Understanding your users is one of the most essential parts of UX design. You’ve already learned about the problems that can come up when designers make assumptions about their users and their needs. So how do you avoid making those assumptions? By doing research! In this reading, you’ll explore some common research methods used by UX designers.
Types of research
There are two ways to categorize research: who conducts the research and the type of data collected.
The first way to categorize research is based on whoconducts the research: primary research and secondary research.
Primary research is research you conduct yourself. Information from direct interactions with users, like interviews, surveys, or usability studies, are considered primary research.
Secondary research is research that uses information someone else has put together. For example, using information from sources like books, articles, or journals is considered secondary research.
The second way to categorize research is based on the type of data collected: qualitative or quantitative.
Qualitative research is primarily collected through observations and conversations. Qualitative research is based on understanding users’ needs and aims to answer questions like “why” or “how did this happen?”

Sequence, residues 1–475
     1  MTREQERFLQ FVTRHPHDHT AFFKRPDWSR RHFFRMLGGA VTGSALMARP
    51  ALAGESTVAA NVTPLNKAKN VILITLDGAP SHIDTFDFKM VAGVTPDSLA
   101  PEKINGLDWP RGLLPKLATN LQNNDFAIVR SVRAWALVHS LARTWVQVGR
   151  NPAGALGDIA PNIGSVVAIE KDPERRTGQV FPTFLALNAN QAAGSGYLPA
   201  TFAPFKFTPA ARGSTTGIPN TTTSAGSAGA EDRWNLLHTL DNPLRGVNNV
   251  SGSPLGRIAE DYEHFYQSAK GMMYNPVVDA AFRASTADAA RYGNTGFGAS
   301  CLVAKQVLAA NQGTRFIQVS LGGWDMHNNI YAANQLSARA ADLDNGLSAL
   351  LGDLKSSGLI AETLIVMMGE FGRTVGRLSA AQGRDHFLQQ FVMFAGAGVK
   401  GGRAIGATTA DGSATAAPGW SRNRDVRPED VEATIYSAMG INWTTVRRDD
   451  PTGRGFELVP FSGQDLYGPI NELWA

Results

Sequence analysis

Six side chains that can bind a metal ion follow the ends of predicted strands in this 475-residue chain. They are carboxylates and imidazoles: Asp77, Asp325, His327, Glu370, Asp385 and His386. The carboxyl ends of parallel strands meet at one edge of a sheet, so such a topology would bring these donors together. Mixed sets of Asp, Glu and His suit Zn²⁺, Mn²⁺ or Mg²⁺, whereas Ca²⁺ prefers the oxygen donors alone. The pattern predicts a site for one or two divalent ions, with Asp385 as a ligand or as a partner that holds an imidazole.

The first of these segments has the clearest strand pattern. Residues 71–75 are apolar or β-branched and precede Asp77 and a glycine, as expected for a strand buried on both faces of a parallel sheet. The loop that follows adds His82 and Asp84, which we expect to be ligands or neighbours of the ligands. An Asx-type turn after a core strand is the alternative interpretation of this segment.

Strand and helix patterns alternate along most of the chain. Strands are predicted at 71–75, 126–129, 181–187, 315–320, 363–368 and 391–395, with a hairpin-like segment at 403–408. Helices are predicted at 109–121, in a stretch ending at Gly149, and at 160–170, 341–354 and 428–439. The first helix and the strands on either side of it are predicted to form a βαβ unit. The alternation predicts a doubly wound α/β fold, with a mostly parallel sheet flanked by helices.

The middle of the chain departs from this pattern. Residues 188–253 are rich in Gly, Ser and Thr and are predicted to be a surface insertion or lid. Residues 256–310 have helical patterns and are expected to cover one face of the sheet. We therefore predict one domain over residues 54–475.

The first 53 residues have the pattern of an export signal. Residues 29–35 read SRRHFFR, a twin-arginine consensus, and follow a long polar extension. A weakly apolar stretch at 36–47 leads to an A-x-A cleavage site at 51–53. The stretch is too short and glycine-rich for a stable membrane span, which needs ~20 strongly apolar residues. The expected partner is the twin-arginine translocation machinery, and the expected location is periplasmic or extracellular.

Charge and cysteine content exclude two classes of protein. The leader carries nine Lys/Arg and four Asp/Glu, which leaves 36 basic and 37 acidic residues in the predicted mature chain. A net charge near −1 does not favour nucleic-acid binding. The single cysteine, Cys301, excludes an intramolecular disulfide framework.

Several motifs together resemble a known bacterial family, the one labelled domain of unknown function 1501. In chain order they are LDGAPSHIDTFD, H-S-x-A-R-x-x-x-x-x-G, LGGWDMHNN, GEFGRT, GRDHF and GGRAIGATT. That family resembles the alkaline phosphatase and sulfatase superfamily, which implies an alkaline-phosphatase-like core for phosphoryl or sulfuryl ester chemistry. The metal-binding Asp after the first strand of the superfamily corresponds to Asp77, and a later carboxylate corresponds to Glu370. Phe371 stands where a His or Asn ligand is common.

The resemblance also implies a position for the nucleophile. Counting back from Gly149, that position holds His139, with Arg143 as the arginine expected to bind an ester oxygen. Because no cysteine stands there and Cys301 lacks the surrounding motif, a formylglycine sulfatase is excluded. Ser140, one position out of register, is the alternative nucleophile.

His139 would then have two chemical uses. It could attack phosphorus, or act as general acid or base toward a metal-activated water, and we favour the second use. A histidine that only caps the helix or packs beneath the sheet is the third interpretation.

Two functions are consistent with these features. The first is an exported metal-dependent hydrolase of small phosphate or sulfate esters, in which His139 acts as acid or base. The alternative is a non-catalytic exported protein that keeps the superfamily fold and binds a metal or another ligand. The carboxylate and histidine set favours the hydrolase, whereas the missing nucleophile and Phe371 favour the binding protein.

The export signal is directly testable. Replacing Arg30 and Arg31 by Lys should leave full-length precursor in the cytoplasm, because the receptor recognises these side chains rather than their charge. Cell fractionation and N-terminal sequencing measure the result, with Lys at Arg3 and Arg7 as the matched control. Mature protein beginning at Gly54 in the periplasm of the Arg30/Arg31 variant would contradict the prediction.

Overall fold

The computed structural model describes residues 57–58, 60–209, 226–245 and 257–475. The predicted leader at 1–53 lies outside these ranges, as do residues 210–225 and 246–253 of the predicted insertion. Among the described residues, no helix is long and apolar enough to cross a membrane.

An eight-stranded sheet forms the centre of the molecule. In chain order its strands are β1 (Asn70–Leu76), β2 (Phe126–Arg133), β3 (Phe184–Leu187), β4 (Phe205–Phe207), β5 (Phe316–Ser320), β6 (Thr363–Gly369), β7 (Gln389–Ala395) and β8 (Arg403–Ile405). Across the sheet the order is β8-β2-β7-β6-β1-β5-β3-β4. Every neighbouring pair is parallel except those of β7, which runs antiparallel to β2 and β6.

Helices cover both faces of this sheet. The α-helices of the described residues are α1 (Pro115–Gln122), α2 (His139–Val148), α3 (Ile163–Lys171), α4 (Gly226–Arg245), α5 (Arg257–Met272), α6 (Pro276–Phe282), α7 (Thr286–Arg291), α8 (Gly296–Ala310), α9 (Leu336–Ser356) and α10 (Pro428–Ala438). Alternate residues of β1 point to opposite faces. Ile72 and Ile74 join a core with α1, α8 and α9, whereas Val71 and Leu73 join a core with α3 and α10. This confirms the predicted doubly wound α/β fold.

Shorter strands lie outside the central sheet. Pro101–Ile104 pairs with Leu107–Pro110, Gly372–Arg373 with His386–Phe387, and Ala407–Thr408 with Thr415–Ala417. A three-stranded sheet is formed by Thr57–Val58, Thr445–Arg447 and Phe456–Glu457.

Quantitative research focuses on data that can be gathered by counting or measuring. Quantitative research is based on numerical data that’s often collected from large-scale surveys. This type of research aims to answer questions like “how many?” and “how much?”
All four of these types of research can intermix. Primary and secondary research can be both qualitative and quantitative. For example, an interview is qualitative research. An interview conducted by you is primary research. If you review an article about an interview conducted by someone else, it’s secondary research. It’s important to be able to identify the difference between these types of research because the data you collect forms the basis of your design decisions.Read More